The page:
- Provincial government said to reject Essar’s requests
- Union supported bid, was unaware government not in support
Essar Group’s bid for U.S. Steel Canada Inc. was rejected after the Ontario government refused regulatory changes the Indian conglomerate wanted to get the deal done, according to people familiar with the matter.
The decision has put the provincial Liberal government at odds with Essar and the United Steelworkers union.
Ontario last week told U.S. Steel Canada, the former unit of U.S. Steel Corp. in creditor protection, that it wouldn’t support requests made by Essar to bolster its bid. Essar asked for assurances ranging from financial aid to relief on environmental regulations, pension obligations, and other issues, said the people, who asked not to be identified because the matter is private.
That decision resulted in Essar being eliminated from the bidding process, because the province said it would no longer negotiate with the potential suitor, one of the people said.
Essar’s elimination riled United Steelworkers, which said Monday in a statement that it preferred the Indian company’s bid over one from New York-based hedge fund KPS Capital Partners Inc. At least one other bidder, U.S. hedge fund Bedrock Industries, is also still involved in the process, people familiar with the matter said.
“While the government has had multiple meetings as part of the court-supervised sales process related to US Steel Canada, this process also includes certain confidentiality requirements and we must respect those requirements,” Kelsey Ingram, a spokeswoman for the Ontario Minister of Finance Charles Sousa, said via e-mail, declining to comment further. Representatives for U.S. Steel and KPS declined to comment. Representatives for Bedrock didn’t respond to requests for comment.
Essar’s elimination from the bidding was first reported by The Hamilton Spectator.
It’s not the first time an Essar bid has come up against opposition in Canada.
In May, Essar was blocked by the Ontario Superior Court of Justice from bidding for Essar Steel Algoma Inc., which it bought in 2007 but is currently under creditor protection, according to people familiar with the matter. The court based its decision on worries about Essar’s ability to finance the transaction.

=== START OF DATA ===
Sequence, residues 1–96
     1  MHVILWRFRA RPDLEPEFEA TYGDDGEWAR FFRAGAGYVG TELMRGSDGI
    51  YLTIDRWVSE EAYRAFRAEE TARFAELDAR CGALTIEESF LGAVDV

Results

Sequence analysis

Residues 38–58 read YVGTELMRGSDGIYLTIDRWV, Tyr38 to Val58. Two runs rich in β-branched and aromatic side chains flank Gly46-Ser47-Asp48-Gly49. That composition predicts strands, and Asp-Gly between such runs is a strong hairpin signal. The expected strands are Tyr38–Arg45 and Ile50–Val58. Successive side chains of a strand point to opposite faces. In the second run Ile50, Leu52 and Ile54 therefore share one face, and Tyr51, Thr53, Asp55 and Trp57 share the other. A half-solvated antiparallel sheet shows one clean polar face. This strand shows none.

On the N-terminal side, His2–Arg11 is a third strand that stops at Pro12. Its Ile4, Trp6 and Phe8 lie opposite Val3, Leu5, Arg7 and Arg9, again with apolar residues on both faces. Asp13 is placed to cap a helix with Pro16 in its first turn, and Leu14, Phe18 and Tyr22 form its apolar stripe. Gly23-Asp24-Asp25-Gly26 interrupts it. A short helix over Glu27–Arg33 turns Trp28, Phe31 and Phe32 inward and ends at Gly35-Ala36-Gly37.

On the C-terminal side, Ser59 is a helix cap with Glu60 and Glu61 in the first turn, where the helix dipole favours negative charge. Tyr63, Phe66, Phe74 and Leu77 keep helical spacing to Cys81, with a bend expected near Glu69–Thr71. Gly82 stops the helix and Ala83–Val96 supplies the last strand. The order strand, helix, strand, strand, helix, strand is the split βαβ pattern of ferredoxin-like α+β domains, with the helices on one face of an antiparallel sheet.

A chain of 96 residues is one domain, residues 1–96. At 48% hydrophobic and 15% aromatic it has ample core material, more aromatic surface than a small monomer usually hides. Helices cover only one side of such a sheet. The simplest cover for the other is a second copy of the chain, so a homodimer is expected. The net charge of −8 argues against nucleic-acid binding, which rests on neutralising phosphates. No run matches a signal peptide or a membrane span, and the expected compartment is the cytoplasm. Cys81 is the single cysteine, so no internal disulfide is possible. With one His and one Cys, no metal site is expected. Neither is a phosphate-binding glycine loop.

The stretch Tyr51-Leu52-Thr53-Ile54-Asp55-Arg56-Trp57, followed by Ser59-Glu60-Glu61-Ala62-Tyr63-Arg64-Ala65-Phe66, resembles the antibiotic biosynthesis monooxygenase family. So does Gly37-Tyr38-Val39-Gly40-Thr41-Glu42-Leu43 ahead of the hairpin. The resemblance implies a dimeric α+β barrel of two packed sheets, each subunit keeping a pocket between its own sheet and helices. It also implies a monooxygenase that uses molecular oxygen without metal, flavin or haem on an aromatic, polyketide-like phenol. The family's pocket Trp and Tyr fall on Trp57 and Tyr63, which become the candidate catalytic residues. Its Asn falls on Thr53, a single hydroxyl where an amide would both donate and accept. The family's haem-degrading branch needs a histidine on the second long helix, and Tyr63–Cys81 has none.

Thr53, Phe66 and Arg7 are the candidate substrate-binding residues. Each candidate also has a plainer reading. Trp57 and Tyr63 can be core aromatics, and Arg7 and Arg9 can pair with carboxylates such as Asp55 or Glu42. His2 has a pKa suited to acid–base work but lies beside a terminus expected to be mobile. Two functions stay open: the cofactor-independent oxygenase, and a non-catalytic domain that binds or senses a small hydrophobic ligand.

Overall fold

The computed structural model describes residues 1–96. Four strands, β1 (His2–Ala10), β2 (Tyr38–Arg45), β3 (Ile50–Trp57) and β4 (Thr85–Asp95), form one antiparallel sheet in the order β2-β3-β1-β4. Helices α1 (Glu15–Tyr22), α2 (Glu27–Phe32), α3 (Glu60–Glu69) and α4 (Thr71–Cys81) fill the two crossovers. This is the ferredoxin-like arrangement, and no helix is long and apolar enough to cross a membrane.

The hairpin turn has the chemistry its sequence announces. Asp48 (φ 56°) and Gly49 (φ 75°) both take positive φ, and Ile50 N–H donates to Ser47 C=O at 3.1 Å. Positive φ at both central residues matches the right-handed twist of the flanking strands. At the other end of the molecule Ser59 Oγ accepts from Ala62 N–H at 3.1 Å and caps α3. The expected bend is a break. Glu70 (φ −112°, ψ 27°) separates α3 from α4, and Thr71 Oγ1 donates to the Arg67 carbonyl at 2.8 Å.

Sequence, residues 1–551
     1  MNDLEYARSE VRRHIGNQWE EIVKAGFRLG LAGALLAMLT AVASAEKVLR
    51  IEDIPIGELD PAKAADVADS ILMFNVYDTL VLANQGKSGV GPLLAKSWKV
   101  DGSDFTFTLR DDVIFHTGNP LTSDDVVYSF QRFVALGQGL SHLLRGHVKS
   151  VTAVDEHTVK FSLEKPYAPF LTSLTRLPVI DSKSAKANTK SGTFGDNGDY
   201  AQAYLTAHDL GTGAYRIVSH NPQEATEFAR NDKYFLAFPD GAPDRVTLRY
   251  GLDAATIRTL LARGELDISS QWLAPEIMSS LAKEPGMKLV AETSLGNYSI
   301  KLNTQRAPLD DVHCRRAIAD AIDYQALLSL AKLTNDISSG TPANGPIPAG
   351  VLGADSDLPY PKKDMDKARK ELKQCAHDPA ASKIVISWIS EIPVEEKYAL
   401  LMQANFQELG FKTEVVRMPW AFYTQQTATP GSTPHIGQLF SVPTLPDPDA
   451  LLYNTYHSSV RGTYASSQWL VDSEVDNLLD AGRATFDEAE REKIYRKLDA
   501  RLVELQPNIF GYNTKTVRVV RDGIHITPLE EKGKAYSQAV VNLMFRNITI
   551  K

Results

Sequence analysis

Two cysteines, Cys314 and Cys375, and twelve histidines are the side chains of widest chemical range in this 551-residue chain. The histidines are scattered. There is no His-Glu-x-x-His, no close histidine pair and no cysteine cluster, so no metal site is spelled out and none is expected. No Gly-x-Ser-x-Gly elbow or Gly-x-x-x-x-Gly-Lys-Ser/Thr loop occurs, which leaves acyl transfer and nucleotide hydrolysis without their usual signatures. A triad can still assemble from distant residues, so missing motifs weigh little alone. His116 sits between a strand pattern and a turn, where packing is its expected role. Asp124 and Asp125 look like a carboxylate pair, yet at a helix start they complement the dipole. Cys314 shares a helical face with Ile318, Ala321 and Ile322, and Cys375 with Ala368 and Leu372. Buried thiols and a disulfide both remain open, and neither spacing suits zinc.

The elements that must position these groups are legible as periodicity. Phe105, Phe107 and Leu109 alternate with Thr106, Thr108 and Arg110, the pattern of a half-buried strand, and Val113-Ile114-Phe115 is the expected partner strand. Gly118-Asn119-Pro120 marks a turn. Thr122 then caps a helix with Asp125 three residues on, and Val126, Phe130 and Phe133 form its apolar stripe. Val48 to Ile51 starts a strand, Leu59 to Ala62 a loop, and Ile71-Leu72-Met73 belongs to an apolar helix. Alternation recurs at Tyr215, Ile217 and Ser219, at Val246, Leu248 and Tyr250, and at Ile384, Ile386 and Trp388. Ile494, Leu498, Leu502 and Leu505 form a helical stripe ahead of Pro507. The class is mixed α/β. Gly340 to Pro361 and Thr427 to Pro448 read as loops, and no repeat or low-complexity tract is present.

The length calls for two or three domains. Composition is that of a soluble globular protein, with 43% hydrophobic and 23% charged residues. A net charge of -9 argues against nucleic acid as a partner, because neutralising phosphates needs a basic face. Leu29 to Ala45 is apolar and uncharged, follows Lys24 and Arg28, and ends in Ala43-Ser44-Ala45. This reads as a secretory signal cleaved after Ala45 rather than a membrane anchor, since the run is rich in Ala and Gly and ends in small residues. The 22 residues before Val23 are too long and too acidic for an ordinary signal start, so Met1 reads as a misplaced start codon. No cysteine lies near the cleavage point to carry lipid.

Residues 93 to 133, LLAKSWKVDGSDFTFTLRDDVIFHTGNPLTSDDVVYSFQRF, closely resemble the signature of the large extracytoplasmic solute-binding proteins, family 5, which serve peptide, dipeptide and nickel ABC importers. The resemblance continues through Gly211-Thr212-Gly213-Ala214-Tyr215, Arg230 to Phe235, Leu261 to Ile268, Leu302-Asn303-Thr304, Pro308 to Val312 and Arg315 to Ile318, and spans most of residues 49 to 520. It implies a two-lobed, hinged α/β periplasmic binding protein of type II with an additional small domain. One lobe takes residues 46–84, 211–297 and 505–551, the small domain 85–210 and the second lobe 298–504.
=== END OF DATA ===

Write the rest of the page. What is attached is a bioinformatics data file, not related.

KPS was instead named preferred bidder for Essar Steel Algoma Inc. last week, and will now go before the courts for final approval. KPS plans to combine Essar Steel Algoma with U.S. Steel Canada if both bids are successful, the people said.
Essar said it had concerns with both processes.
“Our hope is that going forward these concerns will be addressed so that all alternative bidders are properly considered and all stakeholder interests and concerns are fully addressed, especially the workers, pensioners and the communities involved,” David Ryan, a spokesman for Essar said, in an e-mail.
United Steelworkers said Essar “is more committed than other bidders to protect jobs, pensions, and retiree benefits,” at U.S. Steel Canada, and that rejecting its bid is “potentially devastating.”
United Steelworkers Ontario director, Marty Warren, said he wasn’t aware that the province made the decision which led to Essar being eliminated. The union isn’t opposed to working with other bidders if that proved to be the decision, Warren said in an interview.
“We’re not discarding any bids. Our role is to get the best contract that meets our goals of jobs and wages and security,” Warren said.
U.S. Steel Canada has two main facilities in Ontario: Lake Erie Works in Nanticoke and Hamilton Works. The former is thought to be the better of the two assets with an annual capacity of 2.7 million tons of raw steel production, according to bankruptcy court documents. Hamilton Works’ operations were permanently shut down in 2013.